Despite the larger economic shifts in the discipline, the general financial pressures resulting from economic situation in the country, and a deeply troubled job market for the discipline, the survey indicates that faculty at the upper levels bore the brunt of the economic difficulties last year.
Average salaries for full professors in history actually declined slightly at both public and private colleges and universities. At private colleges and universities, the average salary for professors declined 0.1 percent, from $81,856 to $81,762. At public institutions, salaries at the top rank fell 0.3 percent, from $82,944 to $82,722.
Conversely, average salaries for new assistant professors rose faster than the average in the other disciplines—growing 1.8 percent at private institutions (from $52,541 to $53,497 for faculty members newly hired to that rank) and 0.8 percent at public colleges and universities (from $51,327 to $51,712).
Some of the difference in the salary levels is a result of changes in the overall composition of the departments. Judging from the reports of department chairs last fall, a number of factors pulled down salaries at the senior level. Some chairs reported that salary freezes at their institutions made it easier to get more money for a new hire than a bump in salary for a current faculty. A part of the decline in average salaries at the higher levels can also be attributed to some senior faculty members accepting a reduction in salary commensurate with a lessening of their teaching load as they begin the process of "phased" or early retirements.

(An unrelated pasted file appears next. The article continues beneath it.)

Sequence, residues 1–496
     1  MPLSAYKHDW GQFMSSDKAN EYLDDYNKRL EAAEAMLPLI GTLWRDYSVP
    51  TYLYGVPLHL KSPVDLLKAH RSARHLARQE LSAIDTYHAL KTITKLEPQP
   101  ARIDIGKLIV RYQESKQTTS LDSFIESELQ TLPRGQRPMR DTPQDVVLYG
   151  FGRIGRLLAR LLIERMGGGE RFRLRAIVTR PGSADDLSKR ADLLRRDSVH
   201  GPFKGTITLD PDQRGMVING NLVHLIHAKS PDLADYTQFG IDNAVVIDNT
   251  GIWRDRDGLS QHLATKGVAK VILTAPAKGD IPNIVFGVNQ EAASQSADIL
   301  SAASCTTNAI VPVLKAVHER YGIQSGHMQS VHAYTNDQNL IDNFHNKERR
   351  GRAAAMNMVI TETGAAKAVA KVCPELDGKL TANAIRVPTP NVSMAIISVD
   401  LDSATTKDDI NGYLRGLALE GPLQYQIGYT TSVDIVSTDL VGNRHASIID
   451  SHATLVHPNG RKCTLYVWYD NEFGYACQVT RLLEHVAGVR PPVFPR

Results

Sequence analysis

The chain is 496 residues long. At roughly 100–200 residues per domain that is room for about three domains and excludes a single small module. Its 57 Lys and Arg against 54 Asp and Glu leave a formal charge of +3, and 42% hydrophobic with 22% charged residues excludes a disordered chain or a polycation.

A Different Perspective on the Job Market
The report also shows that the troubles on the history job market persist, but suggests that they might not be quite as dire as the numbers drawn from the AHA's job listings seemed to indicate.3 According to this report, the number of new assistant professors hired this past year was essentially unchanged from the year before (Figure 2).
The 697 institutions that report on history departments, added 242 new assistant professors to their faculty. This was up slightly from the 238 reported the year before, but still almost 30 percent below where it had been just three years earlier. The number of institutions hiring also increased slightly, from 168 to 179.
The difference between the jobs data in Perspectives on History and the hiring patterns shown in the CUPA-HR survey is at least partially attributable to the different composition in the ads posted with the AHA—which includes a significant number of senior, postdoctoral, and public history positions. This data suggests that the job market for junior faculty at four-year institutions might have reached bottom after the first year, and while it may not have improved, it is not getting any worse. But the evidence provides small comfort to candidates, as the substantial gap between new PhDs coming on to the market (over 1,000 in the 2008–09 academic year) and the number of junior faculty reported hired to these institutions over the past two years (less than 500) indicates a job market that is severely out of balance.